“It’s his passion,” Stevens says of why Celtics fans latched onto Smart so quickly. “It was very evident when I got here, and I knew this coming in about Boston sports in general, that if you don’t play as a team and you don’t play really hard, then you probably won’t be a well-liked team. And Marcus is a team guy that always plays hard. Even when he makes a mistake, everybody knows that he’s doing it at a full tilt, and I think that that’s one of the many reasons that I think people really enjoy watching him play.”

The encouragement from Boston’s fanbase only made Smart want to play harder. Diving on loose balls became a trademark play of his that eventually earned him the nickname, “The Cobra.”

And this cobra struck in a variety of ways. Celtics teammate Al Horford learned that the hard way, when he was playing for the Atlanta Hawks. The veteran big man will never forget when he was first introduced to Smart during the first round of the 2016 Playoffs, not in hand-shaking fashion, but in a bone-shaking one.

Smart And Al Horford

“I’m known for setting good screens. That’s kind of my thing, right?” Horford says, setting the scene of that first memorable meeting with Smart. “So, I remember he was guarding Kyle Korver and he just rammed through my screen. I’m talking about leveled me. I think they called a foul on him, but I was like, ‘Who is this?’ Like, I knew who he was, but it definitely made me aware of how physical and how hard he plays.”

Horford had half a foot on Smart, but whenever they matched up, he always felt disadvantaged.

“He was the one guy that I could never really screen,” Horford says. “Going back, he’s the one I always had a hard time with, because he was so good at getting behind the offensive player, avoiding screens, and that makes it tough. That’s what makes him a special defender.”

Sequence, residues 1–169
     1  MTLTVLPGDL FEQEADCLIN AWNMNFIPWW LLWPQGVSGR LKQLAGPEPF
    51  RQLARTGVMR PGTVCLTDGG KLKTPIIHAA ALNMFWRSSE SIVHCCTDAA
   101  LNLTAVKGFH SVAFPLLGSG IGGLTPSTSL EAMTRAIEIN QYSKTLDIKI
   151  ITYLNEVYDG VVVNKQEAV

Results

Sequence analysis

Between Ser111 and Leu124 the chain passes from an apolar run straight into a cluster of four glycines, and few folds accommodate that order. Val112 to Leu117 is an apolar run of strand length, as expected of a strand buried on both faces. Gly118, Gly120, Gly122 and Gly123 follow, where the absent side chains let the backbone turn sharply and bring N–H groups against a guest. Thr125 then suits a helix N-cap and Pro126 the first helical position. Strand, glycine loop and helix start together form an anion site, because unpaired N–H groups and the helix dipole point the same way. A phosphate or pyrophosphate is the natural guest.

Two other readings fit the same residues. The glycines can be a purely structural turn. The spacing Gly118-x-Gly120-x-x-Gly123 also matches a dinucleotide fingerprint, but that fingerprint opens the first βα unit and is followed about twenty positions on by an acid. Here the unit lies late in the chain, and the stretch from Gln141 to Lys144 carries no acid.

The Hawks escaped from that first-round series in six games and Horford never had to face Smart again. That’s because when he entered free agency two months later, the then-four-time All-Star decided to sign a long-term deal with the Celtics.

“I was very happy,” Horford says with a relieved laugh of joining forces with Smart. “I just knew that he that he was fearless, he was a competitor, and that he embodies a lot of the things that being a Celtic is all about.”

Like Mother, Like Son

The qualities that have formed Smart into the quintessential Celtic were ones that were mostly passed on from his mother. Camellia’s personality was full of fire and passion, just like her youngest of four sons.

Smart And Al Horford

At times, Camellia could even be bit intimidating. Anyone who was around Smart during his youth would tell you that she would never back down from something she believed in.

“Oh, she’d tell you what’s up,” Boren says with a reminiscent chuckle. “She’d get in the middle of him if she had to get in the middle of him, and she’d get right in the middle of someone else, too. Hell, she’d even get in the middle of me.